The Whitney to Honor Alex von Furstenberg

Monday, April 26th, 2010

 

Alex von Furstenberg accepts the 2010 American Art Award

Alex von Furstenberg accepts the 2010 American Art Award

The Whitney Museum will pay tribute Alex von Furstenberg and The Diller – von Furstenberg Family Foundation for their “sustained commitment to the artistic and cultural heritage of the arts in America” at the Museum’s 19th annual gala dinner on May 6th.

The gala signifies the inaugural event at The Whitney’s future downtown site at Gansevoort and Washington Streets in Manhattan’s Meatpacking District.  Alex von Furstenberg will be presented with the American Art Award, which will be accompanied by the unveiling of a large-scale collaborative commission from American artists Wade Guyton and Kelley Walker.  The first of three installations in an exhibition collectively titled “Whitney on Site: New Commissions Downtown,” Guyton/Kelley’s work can be viewed publically from the High Line from May 8th through June 23rd; subsequent six-week installations by Tauba Auerbach and Barbara Kruger will follow.

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For more coverage of the May 6th event, please click on the links below:

http://online.wsj.com/article/SB10001424052748703674704575234430135310668.html?mod=WSJ_article_RecentColumns

http://artsbeat.blogs.nytimes.com/2010/05/06/whitney-supporters-try-out-a-new-locale/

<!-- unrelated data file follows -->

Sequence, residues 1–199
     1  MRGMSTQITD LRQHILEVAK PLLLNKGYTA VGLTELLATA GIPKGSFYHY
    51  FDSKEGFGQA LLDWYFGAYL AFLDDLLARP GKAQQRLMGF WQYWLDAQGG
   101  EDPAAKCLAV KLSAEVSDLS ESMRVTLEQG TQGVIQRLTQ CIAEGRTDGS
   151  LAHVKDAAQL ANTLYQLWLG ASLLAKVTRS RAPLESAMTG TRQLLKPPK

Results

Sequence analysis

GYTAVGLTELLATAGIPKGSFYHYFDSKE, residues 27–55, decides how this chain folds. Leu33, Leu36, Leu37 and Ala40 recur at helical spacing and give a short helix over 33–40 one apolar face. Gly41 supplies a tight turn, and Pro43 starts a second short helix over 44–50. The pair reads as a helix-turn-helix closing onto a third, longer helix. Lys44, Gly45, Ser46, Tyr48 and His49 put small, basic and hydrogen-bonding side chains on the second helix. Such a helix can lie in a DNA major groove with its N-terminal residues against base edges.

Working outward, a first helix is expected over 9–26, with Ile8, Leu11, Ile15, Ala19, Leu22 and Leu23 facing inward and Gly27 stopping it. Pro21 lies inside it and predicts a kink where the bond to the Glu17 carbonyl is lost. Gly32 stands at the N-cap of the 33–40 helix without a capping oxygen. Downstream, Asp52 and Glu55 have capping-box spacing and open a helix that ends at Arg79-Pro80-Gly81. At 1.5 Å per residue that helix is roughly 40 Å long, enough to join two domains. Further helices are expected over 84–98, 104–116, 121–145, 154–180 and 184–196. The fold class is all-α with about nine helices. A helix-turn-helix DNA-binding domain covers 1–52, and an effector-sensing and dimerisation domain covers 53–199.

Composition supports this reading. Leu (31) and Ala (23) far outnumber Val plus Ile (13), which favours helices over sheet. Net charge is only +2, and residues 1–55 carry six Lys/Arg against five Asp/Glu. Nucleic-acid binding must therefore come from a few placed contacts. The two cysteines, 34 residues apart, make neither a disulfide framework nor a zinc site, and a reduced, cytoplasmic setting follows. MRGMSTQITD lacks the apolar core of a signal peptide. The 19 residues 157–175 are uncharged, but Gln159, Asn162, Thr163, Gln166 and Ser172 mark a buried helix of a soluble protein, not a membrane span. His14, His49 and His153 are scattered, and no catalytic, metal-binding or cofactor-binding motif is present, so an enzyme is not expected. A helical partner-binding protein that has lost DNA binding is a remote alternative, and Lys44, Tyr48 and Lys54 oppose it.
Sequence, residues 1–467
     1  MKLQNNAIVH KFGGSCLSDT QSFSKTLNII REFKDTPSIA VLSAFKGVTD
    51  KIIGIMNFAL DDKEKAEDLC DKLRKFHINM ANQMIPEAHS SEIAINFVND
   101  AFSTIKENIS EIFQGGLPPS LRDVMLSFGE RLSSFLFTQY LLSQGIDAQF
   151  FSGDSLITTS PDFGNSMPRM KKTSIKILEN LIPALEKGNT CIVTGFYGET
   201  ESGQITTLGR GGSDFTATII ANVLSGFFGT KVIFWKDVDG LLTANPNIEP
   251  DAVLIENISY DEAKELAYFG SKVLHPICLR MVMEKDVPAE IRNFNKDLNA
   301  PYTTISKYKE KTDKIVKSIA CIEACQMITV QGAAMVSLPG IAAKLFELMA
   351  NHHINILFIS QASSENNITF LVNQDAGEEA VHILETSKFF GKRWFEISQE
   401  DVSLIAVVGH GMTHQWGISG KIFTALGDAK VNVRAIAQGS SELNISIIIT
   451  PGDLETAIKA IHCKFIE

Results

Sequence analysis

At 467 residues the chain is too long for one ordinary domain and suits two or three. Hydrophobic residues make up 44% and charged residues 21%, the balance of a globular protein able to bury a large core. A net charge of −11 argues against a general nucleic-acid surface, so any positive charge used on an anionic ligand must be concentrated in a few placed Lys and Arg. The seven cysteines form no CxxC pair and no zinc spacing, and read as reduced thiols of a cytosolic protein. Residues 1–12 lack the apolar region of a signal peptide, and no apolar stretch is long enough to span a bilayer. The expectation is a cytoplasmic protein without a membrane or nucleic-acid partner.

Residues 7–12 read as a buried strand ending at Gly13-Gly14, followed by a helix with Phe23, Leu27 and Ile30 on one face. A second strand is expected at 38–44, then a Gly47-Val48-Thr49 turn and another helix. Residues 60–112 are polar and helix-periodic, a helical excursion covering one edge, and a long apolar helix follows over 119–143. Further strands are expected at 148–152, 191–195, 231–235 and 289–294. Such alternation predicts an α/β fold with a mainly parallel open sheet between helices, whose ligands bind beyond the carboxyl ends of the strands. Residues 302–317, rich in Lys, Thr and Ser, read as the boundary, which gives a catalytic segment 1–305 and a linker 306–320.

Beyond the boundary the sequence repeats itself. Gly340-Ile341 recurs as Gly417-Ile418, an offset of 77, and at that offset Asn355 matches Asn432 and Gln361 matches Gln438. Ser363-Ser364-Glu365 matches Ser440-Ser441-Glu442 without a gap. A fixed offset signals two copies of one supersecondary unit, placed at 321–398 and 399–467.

And The Winner Is…

Friday, March 12th, 2010

The Diller – von Furstenberg Family Foundation is proud to announce the winner of the first DVF Awards “People’s Voice” vote.  Katherine Chon, the President and Co-founder of the Washington, D.C.-based Polaris Project, inspired thousands of voters through her work in the organization, which provides emergency shelter and comprehensive case management to victims of human trafficking.

Chon will be honored at the inaugural DVF Awards ceremony on March 13th alongside three international winners—Sadiqa Basiri Saleem of Afghanistan, Danielle Saint-Lot of Haiti, and Ingrid Betancourt of Columbia.  Each woman’s organization will receive $50,000 from The Diller – von Furstenberg Family Foundation to encourage their work.

 For a look into the evening’s event, click on the links below:

http://inside.dvf.com/dvf_magazine/2010/04/29/awards-video/ 

http://www.washingtonpost.com/wp-dyn/content/article/2010/03/14/AR2010031401301.html